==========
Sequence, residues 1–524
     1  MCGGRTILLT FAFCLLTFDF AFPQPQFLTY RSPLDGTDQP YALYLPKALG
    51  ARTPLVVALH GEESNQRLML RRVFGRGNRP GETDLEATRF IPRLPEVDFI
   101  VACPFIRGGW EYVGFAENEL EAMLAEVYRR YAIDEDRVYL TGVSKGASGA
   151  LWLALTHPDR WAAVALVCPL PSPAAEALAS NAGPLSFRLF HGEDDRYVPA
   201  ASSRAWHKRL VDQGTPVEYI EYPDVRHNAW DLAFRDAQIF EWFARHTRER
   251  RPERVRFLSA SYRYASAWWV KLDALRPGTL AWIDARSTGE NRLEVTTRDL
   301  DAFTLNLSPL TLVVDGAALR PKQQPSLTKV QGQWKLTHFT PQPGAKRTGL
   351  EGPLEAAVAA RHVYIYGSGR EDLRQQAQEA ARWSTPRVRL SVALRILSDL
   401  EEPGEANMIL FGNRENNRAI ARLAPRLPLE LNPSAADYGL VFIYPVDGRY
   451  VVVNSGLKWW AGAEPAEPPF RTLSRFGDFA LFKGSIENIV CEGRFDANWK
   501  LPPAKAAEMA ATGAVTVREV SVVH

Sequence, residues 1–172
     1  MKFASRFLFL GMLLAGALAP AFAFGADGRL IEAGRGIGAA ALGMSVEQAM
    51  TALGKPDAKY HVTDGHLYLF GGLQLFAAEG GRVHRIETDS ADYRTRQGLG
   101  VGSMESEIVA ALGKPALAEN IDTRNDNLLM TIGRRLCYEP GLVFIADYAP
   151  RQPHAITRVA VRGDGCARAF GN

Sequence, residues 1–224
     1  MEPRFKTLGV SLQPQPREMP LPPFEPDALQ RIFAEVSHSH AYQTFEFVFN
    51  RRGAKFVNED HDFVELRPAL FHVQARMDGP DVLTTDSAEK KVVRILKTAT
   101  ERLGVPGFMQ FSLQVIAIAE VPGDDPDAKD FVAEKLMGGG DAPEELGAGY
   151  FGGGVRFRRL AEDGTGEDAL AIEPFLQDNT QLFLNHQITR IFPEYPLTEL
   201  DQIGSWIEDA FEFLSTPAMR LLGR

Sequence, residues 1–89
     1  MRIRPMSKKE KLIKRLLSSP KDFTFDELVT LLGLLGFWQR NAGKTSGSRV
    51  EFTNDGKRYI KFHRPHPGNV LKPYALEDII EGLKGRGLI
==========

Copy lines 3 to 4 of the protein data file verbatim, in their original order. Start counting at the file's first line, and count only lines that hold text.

    51  ARTPLVVALH GEESNQRLML RRVFGRGNRP GETDLEATRF IPRLPEVDFI
   101  VACPFIRGGW EYVGFAENEL EAMLAEVYRR YAIDEDRVYL TGVSKGASGA